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Lunch at Sacred Grounds is almost a mountain retreat




Just before it leaves civilization for cañon living, Cheyenne Boulevard winds its way through a quiet neighborhood just forested enough to make you think that, at this time of year, you might be better off in a one-horse open sleigh. (The periodic presence of cold-gear cycling nuts lovingly belies this image, somewhat.) The final border's signified by the squat, stone presence of the Starsmore Discovery Center, but a little before it there's a square coffee shop off to the left. It offers dirt parking out front, a recently built patio, and a menu heavy on light, fresh eats, courtesy of new owners Cecil Horlbeck and Natasha Shnapper.

Shnapper brings Russian influences that appear in sides of sauerkraut or borscht, but mostly you'll find burritos, quiches, paninis and a display case packed with desserts like bourbon-ball-tasting chocolate truffles ($1.50) and cheesecake ($4.50). "We use all natural and organic ingredients," reads Sacred Grounds' menu. "We also sell whole pies."

The small inside hasn't changed much with new ownership. It's still a cozy mix of tans and browns, with magazines like The Economist piled on novels next to a radio playing Christmas music, and tight enough that scooting one's chair back may or may not knock over a tree by the door and shatter ornaments all over the ground. (Um, sorry about that, again.)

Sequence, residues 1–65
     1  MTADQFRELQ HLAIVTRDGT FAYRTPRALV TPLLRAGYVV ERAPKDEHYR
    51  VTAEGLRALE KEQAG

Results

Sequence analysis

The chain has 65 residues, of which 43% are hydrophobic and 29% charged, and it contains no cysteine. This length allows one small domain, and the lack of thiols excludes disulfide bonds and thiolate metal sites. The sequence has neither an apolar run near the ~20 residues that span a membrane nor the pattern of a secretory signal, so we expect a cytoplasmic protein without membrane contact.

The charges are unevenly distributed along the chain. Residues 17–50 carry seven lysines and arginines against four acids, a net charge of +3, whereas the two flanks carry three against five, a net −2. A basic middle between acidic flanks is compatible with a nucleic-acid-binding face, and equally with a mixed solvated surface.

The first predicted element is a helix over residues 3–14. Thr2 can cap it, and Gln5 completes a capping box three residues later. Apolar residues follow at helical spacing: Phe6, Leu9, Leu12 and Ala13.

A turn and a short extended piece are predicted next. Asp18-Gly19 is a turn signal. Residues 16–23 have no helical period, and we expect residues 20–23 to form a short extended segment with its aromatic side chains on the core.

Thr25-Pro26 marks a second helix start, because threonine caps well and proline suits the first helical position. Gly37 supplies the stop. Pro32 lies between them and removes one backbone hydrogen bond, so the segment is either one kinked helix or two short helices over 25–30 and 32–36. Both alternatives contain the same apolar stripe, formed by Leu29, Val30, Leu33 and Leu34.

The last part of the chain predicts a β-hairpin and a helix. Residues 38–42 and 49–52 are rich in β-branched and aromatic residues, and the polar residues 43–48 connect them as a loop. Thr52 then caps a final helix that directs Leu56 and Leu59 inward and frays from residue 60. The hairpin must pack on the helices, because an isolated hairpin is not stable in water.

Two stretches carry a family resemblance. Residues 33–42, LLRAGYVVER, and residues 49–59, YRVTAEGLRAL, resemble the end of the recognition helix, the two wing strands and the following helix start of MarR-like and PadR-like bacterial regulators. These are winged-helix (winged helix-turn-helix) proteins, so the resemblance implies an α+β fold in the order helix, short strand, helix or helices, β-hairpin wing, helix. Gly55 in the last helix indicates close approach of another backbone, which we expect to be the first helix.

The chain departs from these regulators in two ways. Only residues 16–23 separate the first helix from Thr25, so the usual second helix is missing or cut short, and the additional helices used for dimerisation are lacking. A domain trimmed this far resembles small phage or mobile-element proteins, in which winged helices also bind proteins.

But everybody is gracious, even when you're a little late to pick up your Saturday night take-out dinner. Ours was baby back ribs ($15), one of several rotating call-ahead options also available to take home on Wednesdays. The ribs required proper expectations — cooked in the oven, there was no smoke or bark — but for salty and juicy roast pork, they were delicious. The side of brown-sugar sauerkraut seemed a little shoehorned on, but worked better than I thought it would.

Another day brought one of life's simplest pleasures: a steaming, flaky ham-and-cheese croissant ($3.50). We paired that with coffee from Barista Espresso, pumped from a set of self-serve carafes, and a thick, moist quiche ($5.75) set with caramelized mushrooms and onions. A light spring-mix salad followed, dressed with a zesty red-pepper vinaigrette.

Simple continued to star with the Mushroom Julienne ($4.50), a small appetizer oozing tendrils of heat that defied abstention. Russian in origin, it felt more like something you'd find in a French steakhouse: button mushrooms baked in a cream sauce, topped with a gooey cheddar-jack mix and served next to soft slices of baguette. It was hot, soft and succulent.

The paninis are crisp and dense. A muffaletta ($5.75, with Boulder Canyon chips) full of ham, salami, provolone and a very tangy, very strong olive tapenade, was more distinctive and invigorating than some other regional knock-offs, while the Veggielicious Panini ($5.75) did a pizza thing with a delicious garlicky pesto under roasted bell peppers and mozzarella.

On a Sunday, it was so slammed that an employee could only respond with a strained "Sometimes" when I asked him if it was normally this busy. So we stepped outside with our fresh breakfast burrito ($3.85) of hash browns, onions and green peppers, and sipped coffee from white ceramic mugs. Bicycles with those little pedals that seem to say "I ride this a lot" leaned against the front of the coffee shop, while neighbors poked their heads out into the warming air across the street. The snow considered melting.

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